I have to just take it day by day and stay strong. Unfortunately, we have dealt with so much of this trauma lately that I just say to myself, “thank goodness it didn’t happen to me”. As bad as that sounds – it is true. But you never know when something like this will happen to you, so staying positive and thankful every day helps me cope a little better. It is never going to end, is it? I have to just be prepared about the future and what is to come. It is a scary world out there and I worry about what is going to come next. But again, day by day…

What do you think needs to change to end future tragedies?

I honestly do not have an answer for this- I believe there needs to be a lot done to make this end. It is very hard to even watch the news or go on social media right now just because there is so much controversy going on and as a educator it is hard to speak up for what I believe. I do not believe arming teachers is the answer- as we are teachers, not cops or security. It is a lot to ask of us for what we have to do on top of everything.

Brent O., High School Teacher, Plymouth, MN.


How have all the tragedies changed your perception of what a teacher is these days?

I’ve always felt like I’ve been called to serve my students and help them see their potential for success. When I first started teaching  English, I wanted to teach my students how to interact with literature and learn to write, but more importantly I wanted them to learn how to dream, work hard through adversity and strive for their goals.

Now I’m a director of a program for students who are at risk of not graduating for various reasons. My focus is providing them hope and guiding them in their journey to get back on track and thrive within our school and also learn the skills to find success in their next step, whatever that might be.

I guess these tragedies have forced me to realize that I’m also a protector – an adult who will do anything to keep my students in a safe, respectful learning environment. I don’t like to think of the worst case scenarios, but in today’s world teachers and students are forced to learn lock down protocols and how we would handle a dangerous situation within our buildings. It’s something I never thought about when I was in school to become a teacher; that I might have to sacrifice my life to save my students. It’s something I pray will never happen.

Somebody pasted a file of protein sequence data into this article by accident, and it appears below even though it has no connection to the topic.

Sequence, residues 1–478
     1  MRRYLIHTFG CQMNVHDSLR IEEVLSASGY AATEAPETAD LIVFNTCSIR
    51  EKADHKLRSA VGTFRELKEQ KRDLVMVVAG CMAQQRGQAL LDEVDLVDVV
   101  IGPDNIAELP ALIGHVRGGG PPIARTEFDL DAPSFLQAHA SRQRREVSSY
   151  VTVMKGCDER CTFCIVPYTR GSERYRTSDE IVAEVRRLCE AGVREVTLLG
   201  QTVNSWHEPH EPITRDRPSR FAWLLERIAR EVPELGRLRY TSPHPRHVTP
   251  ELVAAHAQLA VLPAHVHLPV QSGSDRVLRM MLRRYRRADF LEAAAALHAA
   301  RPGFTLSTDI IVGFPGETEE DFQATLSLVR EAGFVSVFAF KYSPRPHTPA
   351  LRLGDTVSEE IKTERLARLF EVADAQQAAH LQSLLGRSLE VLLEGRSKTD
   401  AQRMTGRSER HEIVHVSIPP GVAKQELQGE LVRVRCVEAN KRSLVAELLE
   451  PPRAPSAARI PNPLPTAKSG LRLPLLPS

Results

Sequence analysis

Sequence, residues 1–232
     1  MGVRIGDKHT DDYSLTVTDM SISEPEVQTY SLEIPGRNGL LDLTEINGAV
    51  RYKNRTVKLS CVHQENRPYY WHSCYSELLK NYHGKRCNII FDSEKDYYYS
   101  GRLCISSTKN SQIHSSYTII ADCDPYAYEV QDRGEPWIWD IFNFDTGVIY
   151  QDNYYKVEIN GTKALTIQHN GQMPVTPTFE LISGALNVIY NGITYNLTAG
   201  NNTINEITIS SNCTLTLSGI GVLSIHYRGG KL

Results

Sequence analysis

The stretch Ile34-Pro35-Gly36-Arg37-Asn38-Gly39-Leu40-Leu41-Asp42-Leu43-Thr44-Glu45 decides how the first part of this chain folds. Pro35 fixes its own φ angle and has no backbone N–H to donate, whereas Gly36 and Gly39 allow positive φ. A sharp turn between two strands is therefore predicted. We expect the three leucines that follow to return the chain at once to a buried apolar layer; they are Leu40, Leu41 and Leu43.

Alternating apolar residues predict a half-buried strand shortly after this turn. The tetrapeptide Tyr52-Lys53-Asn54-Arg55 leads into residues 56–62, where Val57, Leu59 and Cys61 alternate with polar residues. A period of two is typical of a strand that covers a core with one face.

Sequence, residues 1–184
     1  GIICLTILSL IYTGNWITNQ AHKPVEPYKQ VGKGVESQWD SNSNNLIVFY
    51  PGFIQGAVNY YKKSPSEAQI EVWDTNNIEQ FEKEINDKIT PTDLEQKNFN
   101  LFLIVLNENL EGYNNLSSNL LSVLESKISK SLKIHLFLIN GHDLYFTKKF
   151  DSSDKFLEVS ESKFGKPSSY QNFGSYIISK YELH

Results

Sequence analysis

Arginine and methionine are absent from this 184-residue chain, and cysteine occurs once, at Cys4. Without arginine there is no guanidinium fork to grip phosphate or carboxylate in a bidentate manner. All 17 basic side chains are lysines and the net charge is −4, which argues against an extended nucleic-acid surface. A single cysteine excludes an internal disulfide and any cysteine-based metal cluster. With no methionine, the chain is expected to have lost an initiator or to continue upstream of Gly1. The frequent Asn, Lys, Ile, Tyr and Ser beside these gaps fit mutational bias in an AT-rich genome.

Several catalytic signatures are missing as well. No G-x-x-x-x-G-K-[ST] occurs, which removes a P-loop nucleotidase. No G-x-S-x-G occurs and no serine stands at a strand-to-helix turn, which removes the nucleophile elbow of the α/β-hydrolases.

What do you notice has changed with students, teachers, and administrators (if anything has changed) for better or worse?

I don’t know if anything really huge has changed with students, teachers or administrators besides the fact we must be prepared to best handle a violent situation. Some want to blame these events on video games, lack of parenting or something wrong with “this generation.” I don’t see it that way. We had violent video games when I was a teenager, we had single parent families, each generation complaining about the next, and these events weren’t happening on a pretty consistent basis.

How do you cope as a teacher with all you’ve seen in the country over the past several years?

I cope by trying to see the good in my students. By choosing to see the positives but also looking for the warning signs in mental health. I pray a lot for change in gun laws, more financial support to lower class sizes, to add more counselors, social workers, principals and support staff and for a country that must face these issues in order to stop these tragedies from happening and truly protect our students, our children, our future.

What do you think needs to change to end future tragedies?

What needs to change? I think the first thing that needs to change is the idea that this is just a gun issue or just a mental health issue or a desensitizing of violence issue and stop making it political. This is a human being issue. Do we care enough about our children, grandchildren, neighbors, and our future to attack this issue from all sides?

I strongly believe these tragedies would not happen to the degree they do if we can make some common sense gun laws. No hunter, no gun enthusiast, no human being not in battle needs access to guns that can kill multiple children within seconds. Who needs an AR-15. No one. Not even those who strongly believe in the second amendment. We need to have common sense when it comes to these types of guns or this will continue. We must come together as a nation on this and not allow it to become political.